A frozen merchant account is one of the most devastating things that can happen to a business. It disrupts cash flow and makes it difficult to conduct business. The majority of processing banks insert terms in their contracts to limit their customers. These terms provide them with rights to hold back funds on various grounds, such as the type of business of the merchant or excessive chargebacks.

If your account is frozen, you won’t be able to access funds, and your funds will be held without deposit for a period of time. It also means that it will be impossible to accept income from any credit card transaction. Additionally, deposits from recently processed transactions will not be cleared for days, weeks, or months. Even so, before we go into detail, let’s take a look at what causes merchant account holds.

What Causes Merchant Account Holds?

There are several reasons why your processing bank can freeze your merchant account. The bank can freeze your merchant account if you; break the terms of your merchant agreement, excessive chargebacks, or suspected fraud. Here is a detailed insight into these reasons:

Suspicious Processing Behavior

Fraud is taken very seriously, and the majority of banks will freeze your merchant account immediately if they suspect suspicious behavior. Processors are always the second line of defense against any credit card fraud. Ideally, the main reason why holds are imposed is to protect cardholders and investigate potential fraud.

Although legitimate transactions can, sometimes, be considered suspicious to a processor, most holds are due to big jumps in processing volume and over a short period of time. The best way to avoid such setbacks is to inform your processing bank before starting your large seasonal swing.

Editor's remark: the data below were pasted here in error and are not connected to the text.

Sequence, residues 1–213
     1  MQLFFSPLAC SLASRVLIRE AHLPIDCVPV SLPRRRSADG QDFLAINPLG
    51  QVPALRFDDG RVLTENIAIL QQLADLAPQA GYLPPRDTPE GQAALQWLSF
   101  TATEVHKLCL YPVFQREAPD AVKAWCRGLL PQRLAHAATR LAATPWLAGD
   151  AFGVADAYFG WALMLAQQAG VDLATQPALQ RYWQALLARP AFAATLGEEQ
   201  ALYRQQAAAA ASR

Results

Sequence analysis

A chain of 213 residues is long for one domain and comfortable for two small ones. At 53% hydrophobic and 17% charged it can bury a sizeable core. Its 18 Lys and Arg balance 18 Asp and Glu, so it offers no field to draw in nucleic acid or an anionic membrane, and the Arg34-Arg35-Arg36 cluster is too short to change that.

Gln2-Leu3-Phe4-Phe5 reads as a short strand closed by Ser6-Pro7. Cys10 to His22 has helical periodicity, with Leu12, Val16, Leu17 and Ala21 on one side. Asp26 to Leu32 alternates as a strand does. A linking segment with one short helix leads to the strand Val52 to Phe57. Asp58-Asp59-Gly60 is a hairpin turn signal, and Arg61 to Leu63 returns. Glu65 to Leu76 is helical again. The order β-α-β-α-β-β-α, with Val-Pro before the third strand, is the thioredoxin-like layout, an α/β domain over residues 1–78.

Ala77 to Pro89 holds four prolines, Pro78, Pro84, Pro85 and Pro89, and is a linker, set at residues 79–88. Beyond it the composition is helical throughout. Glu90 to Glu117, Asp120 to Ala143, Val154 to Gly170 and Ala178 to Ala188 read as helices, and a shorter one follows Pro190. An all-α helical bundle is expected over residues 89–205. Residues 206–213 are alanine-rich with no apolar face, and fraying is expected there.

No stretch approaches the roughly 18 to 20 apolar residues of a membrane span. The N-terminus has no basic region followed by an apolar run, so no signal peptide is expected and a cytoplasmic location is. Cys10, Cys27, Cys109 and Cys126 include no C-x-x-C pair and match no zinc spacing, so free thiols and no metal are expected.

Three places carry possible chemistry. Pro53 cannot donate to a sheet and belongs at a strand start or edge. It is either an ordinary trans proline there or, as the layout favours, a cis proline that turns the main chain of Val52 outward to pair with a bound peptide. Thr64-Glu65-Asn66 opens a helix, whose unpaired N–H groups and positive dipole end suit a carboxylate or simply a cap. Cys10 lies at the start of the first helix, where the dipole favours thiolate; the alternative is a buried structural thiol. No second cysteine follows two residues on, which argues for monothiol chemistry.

Excessive Chargebacks

Chargebacks are one of the biggest factors that can lead to merchant account holds or closure. Although there is a common misconception regarding chargeback that states that if you win, the processing bank does not count it against you, it isn’t usually the case. Whether you win or lose, a chargeback is always a chargeback, and too much of it will lead to the closure of your merchant account.

Statistics reveal that the best offense is to impose a good defense. You can use anti-fraud tools such as 3D secure, AVS, and end ensure you verify all CVVs or have more than one merchant processor for your business.

Breaking of Terms

If you want to open a merchant account, the first step should be signing a merchant service agreement. The agreement should be outlining the fees, rules, and limitations regarding the average ticket size of your account and the processing volume. If you break any of the terms listed in the agreement, your banks have the right to either terminate or hold your account.

If your bank holds your account, it will remain unusable until the investigation is complete. It will only make a ruling on whether to terminate or reinstate your account after investigating the breach.

What Doesn’t Cause Holds

The truth is; personal credit can cause holds and can greatly affect your chances of getting a merchant account. If you have a poor credit history, there are high chances that your processor will put restrictions on your account. If you want to avoid holds, you can either contact your processing bank’s risk department before running huge transactions or keep your account manager updated in case of any major changes in your business.

There is not much you can do if your account ends up getting frozen. You only need to cooperate with the process and let the process run its course. Ensure you put the above factors into consideration to help you keep your merchant account safe, and there is no doubt that your business will be free from the inconveniences of financial setbacks.

You can also follow our blog for more insight into why your merchant processor holds funds and what you can do to remain in business.